Impact will be through reduction, and in some cases replacement, of murine xenograft models of MPM, in particular for the study of new targeted/personalised therapies.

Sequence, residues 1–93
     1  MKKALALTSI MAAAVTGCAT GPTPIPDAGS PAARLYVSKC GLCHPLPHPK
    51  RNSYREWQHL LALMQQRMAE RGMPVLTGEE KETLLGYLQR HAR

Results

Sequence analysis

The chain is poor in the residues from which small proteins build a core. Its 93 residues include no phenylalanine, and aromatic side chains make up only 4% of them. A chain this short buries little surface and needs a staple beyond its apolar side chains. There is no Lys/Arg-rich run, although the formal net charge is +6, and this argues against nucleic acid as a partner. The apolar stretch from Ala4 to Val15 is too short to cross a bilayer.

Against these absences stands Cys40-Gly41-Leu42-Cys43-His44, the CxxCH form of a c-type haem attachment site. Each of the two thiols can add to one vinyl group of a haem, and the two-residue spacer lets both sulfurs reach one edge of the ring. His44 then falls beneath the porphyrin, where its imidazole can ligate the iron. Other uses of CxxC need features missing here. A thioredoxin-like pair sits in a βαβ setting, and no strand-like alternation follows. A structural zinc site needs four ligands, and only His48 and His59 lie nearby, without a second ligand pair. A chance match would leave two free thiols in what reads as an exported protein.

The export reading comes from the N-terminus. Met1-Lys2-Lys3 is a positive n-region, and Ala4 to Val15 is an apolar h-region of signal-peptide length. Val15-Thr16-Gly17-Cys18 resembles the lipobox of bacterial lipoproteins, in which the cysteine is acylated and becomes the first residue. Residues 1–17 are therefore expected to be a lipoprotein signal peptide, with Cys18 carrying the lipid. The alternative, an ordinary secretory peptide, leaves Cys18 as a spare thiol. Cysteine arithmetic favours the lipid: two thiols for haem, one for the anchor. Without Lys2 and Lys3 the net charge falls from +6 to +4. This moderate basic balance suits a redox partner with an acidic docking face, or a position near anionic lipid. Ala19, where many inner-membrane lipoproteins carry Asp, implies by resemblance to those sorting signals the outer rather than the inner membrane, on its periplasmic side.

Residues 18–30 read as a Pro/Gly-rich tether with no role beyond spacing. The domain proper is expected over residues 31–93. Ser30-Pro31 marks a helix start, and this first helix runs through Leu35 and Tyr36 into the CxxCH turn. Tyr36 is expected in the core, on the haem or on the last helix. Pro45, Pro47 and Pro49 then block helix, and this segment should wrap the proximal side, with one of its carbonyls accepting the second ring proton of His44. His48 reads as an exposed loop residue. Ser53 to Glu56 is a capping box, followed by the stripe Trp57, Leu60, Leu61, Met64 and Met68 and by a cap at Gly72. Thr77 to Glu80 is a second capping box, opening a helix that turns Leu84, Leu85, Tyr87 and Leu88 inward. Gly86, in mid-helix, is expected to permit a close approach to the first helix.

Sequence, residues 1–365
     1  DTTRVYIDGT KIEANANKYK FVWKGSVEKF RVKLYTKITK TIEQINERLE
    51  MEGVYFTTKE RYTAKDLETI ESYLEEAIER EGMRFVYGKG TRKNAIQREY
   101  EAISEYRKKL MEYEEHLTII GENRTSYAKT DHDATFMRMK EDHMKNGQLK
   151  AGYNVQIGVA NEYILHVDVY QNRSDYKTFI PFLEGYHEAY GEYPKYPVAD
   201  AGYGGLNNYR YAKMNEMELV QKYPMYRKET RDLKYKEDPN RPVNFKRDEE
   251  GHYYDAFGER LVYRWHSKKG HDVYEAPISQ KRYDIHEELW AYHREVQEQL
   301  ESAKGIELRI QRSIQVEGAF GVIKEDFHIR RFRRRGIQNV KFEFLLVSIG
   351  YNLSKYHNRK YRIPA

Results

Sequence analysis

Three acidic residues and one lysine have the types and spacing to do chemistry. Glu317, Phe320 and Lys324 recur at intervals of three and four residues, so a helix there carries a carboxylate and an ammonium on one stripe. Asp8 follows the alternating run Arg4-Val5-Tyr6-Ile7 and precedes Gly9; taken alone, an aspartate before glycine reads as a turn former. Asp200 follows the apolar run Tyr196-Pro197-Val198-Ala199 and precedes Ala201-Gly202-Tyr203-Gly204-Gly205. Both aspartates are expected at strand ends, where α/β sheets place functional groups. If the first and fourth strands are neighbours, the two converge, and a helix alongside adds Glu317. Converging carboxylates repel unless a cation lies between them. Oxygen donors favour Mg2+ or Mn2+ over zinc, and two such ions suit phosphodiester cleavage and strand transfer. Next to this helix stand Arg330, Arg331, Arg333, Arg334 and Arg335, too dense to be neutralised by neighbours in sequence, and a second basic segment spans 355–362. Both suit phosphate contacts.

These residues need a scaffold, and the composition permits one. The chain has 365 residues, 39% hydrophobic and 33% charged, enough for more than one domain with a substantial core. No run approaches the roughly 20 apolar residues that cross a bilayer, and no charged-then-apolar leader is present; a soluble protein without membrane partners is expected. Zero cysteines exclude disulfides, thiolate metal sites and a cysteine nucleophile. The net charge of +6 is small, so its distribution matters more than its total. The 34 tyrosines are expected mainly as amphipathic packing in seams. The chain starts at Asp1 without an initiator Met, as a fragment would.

Our ongoing work is identifying candidate drugable targets in BAP1-mutated MPM. We planned to refine candidate drugs through in vitro testing, before testing differential sensitivity of MPM, stratified by BAP1-status, in murine xenografts. However, in vitro and in vivo data are not always comparable, and in vitro testing is not feasible for our top candidates, where the readouts for drug efficacy are angiogenesis or metastasis. Power calculations, using a balanced block approach to minimise numbers, suggest at least 4 mice required per group for drug testing, under procedures with moderate severity. Testing 2 experimental drugs (2 concs, plus vehicle) in xenografts of 2 BAP1+ve and 2 BAP1-ve MPM cell lines, would require 80 mice per experiment to provide statistical power in excess of 90%, with an experimentally important difference of 3-fold (s.d. 0.6). We would anticipate ultimately testing 8 drugs, requiring 360 mice.